“Small businesses, manufacturers, the energy industry, the conservation community, farmers and ranchers, agriculture, all came together very, very strongly,” said House Speaker Joe Straus, who headed the campaign to promote the amendment. He spoke at an Austin watch party after the posting of favorable early voting results. “The people of Texas today validated our good work with an overwhelming vote of support,” added Straus, R-San Antonio. The $2 billion will go into a new water bank that the Texas Water Development Board will control to aid in financing water projects across the state. The money will be crucial for large projects, such as reservoirs and pipelines, because they can take decades to build and cost billions of dollars, officials said.
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New voter ID law tested during Texas election

Written by Rick Jervis for USA TODAY on November 05, 2013Election Law
AUSTIN — Texas voters are going to the polls Tuesday to vote on a slew of constitutional and municipal issues, from funding water projects to granting tax breaks to aerospace companies. But a deeper question is how voters adapt to the state's new controversial voter ID law, which was enacted earlier this year and is seeing its first statewide test Tuesday. The law says voters must have a valid photo ID with a name that matches the name on the voting rolls. Those without ID could still vote using provisional ballots and have six days to return with correct identification. Texas is one of 34 states that have passed voter ID laws, though not all of have been enacted due to future implementation dates or court challenges, according to the National Conference of State Legislatures.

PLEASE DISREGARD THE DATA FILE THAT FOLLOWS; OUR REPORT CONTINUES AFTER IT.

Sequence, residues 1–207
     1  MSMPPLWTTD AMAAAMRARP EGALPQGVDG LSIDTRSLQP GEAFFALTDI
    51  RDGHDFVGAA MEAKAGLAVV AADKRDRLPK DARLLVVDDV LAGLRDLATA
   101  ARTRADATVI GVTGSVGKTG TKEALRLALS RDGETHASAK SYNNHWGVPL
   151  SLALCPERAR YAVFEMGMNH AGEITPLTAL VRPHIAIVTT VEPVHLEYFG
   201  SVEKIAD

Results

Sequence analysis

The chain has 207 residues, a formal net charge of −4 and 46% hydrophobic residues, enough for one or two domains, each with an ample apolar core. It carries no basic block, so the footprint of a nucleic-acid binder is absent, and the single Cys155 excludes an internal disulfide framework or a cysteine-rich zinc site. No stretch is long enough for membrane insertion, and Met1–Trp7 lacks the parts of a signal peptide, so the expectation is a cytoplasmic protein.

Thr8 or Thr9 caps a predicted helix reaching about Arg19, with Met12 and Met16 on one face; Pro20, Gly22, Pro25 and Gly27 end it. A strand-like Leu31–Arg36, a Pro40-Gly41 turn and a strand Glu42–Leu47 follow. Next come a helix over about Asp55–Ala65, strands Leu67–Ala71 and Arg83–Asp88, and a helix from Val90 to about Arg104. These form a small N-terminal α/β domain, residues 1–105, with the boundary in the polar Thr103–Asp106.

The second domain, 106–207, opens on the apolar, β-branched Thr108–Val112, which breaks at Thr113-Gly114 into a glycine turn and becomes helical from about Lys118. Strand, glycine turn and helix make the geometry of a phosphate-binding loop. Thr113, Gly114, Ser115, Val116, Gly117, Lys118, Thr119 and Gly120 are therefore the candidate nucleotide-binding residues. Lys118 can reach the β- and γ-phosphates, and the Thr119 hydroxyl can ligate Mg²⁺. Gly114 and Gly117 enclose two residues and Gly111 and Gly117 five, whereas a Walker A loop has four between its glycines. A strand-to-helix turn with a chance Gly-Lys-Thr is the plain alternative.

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McCrory launches teacher advisory committee